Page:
Sunday, June 25, 2006

The Rules Regarding Rules

I see a lot of arguments on writers message boards surrounding the 'rules of screenwriting'

It seems to me most of the arguments come from those who insist there are no rules and even if there were they should be broken.

Me, I don't think there are any rules. And break them at your peril.

What you have are conventions. A more or less 3 act structure, an empathetic protagonist, you know the kind of thing. Not handed down in tablet form by Moses. But something that has pretty much stood the test of time.

That's not to say there isn't any wiggle room.

But consider the fact that you may be a new, unproduced writer. Then consider the number of scripts a harrassed reader has to get through.

The truth of the matter is that unless your first twenty pages leaps up and grabs him by the throat, you are on borrowed time as it is. If the pro reader doesn't see your protag by then and your inciting incident isn't even on the horizon then the chances are your script will be confined to the big circular locker.

Readers aren't there to do you any favours. They are there to find scripts that their bosses might want to make.

You may like a long introduction to give meaning to your story which actually kicks in on page 55, but the reader and his bosses will not.

Of course there are arguments that 'I'm not writing mainstream, I'm writing Indie.'

Well that's fine - apart from the fact that most indies that actually get any kind of distribution follow the same basic structure as mainstream. And take a guess how many Indies were produced and couldn't get a release? Hundreds in the UK alone.

And there are the Tarantino and Nolan arguments - except I would counter argue that Pulp Fiction and Memento were basically mainstream structure but with story points out of sequence.

If you are a hugely succesful writer then you may be able to get something bought or made that differs wildly from what is percieved as conventional dramaturgical structure.

If you are not, and want to be - I'd begin by building a fan base. That means getting your work seen by decision makers. To do that they have to see something they think they can make that will put bums on seats.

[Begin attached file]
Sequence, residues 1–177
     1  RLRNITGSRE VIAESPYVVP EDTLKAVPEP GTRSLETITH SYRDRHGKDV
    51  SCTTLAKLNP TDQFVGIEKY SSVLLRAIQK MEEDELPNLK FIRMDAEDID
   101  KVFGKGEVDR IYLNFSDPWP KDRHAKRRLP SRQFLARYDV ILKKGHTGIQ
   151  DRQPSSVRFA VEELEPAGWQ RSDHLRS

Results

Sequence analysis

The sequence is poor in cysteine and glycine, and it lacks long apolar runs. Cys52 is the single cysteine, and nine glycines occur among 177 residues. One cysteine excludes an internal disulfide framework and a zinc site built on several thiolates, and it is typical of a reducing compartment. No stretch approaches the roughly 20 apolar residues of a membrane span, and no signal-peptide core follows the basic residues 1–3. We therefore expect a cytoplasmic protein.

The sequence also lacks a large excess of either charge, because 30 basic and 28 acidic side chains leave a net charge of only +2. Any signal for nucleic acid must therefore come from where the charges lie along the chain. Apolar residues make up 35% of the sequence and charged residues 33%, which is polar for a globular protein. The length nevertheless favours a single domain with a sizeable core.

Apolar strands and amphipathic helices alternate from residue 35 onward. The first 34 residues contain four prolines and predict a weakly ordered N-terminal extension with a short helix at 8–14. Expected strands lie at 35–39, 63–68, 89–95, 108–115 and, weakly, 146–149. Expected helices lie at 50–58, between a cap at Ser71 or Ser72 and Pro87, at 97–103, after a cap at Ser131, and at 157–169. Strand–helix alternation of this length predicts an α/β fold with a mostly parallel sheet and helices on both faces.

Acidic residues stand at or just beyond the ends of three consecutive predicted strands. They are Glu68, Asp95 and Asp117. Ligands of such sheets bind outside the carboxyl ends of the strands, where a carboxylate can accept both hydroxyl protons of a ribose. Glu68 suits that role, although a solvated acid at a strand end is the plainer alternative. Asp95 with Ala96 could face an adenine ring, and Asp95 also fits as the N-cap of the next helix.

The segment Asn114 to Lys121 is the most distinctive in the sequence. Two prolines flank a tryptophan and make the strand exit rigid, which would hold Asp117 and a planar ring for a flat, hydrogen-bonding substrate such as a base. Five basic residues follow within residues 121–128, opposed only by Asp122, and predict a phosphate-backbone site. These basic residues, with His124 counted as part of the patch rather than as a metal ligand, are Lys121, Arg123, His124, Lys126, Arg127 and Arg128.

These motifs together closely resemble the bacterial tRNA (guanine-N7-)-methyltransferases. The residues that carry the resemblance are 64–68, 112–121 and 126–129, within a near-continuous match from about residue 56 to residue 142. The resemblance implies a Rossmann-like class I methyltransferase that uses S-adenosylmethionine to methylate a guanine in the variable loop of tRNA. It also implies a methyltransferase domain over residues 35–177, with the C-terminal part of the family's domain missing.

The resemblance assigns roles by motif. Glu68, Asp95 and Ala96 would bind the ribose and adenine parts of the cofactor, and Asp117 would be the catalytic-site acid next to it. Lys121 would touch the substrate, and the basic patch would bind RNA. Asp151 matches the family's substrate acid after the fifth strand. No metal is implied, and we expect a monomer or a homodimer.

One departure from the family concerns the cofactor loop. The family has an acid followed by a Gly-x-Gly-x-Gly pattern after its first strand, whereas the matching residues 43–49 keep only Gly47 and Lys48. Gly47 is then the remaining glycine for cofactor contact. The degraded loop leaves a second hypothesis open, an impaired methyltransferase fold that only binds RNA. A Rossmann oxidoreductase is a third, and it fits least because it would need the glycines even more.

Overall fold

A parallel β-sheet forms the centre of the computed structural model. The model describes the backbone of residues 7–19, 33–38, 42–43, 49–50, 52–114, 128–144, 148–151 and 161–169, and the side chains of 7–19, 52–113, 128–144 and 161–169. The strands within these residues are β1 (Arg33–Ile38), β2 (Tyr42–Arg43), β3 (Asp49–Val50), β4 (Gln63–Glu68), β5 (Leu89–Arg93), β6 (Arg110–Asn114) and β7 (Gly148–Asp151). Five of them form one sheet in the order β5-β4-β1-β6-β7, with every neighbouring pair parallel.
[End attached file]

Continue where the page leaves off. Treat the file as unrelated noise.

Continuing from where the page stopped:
Never, ever forget that this is a business. A very creative business, but still a business. And that extends to you as a writer. If you don't write what people want to see then why bother? That doesn't mean it has to be crass explosions and gratuitious sex, but it does have to be a good story well told. Certainly not some unstructured, navel gazing, masterbatory 'My Life' opus.

Having said that, as far as reading scripts and watching movies is concerned I'm just a 'begining, middle and end' kinda guy. If what is in that begining , middle and end is entertaining, well written, engaging, exciting and perhaps thought provoking, then pretty much anything goes. I'll be happy.

The hard bit is making that begining, middle and end all those things. A lot of that is to do with how you structure your story.

Not that there are any actual rules - ahem.


Schmucks with Underwoods said...

Yeah, most first drafts from new screenwriters that I've read suffer from "lack of turning point 1 syndrome" i.e. there is no point around the 20-30 page mark where the protag is jettisoned into Act 2 by an irreversible incident, an event where he can no longer say to himself, "sod this for a game of toy soldiers, I'm off home" - NO! Either because of a situational or character set-up he is now FORCED to act and move forward. With many of these newbie scripts I just see a 75 page act one which normally lacks dramatic tension and conflict, not to mention over exposition etc ;-)

Schmucks with Underwoods said...

Just found this - What's wrong with your script? I mean, not yours ED, I mean one's script ;-)

Anonymous said...

But ED, you don't understand that it worked in this produced film and that produced film and anyway Hollywood is creatively bankrupt and doesn't recognize cutting-edge material when it sees it and anyway you just didn't get it!

(This post brought to you by the Society for Lame Rebuttals.)

Eubrontes said...

Great comment about the first twenty pages needing to do their job. I'll spend all of the the 4th of July weekend second guessing what I've just sent out...

It's funny that this is the same subject matter that was full of recrimination and vitriole on Done Deal (because of a certain poster), yet presented here, itis jsut cut and dried.
Thanks for the post.

English Dave said...

Thanks for all the comments.
There are a lot of books out there on structure and it can get very confusing. My view is KISS [Keep it simple, stupid]

The history of storytelling worldwide shows there is a basic human need for stories to have an empathetic protag propelled on a hazerdous 'journey' which has a satisfying resolution.
We want to get to the 'start' of that 'journey' as quickly as possible

We want story relevant emotional and physical obstacles placed in the way of our protag to challenge their perception of themselves and their world.

We want an inevitable, though hopefully surprising and satisfying resolution.

A beginning, middle and end.

If you have a story that doesn't fit the above criteria then given the cost of making movies it is unlikely to generate much interest in that medium.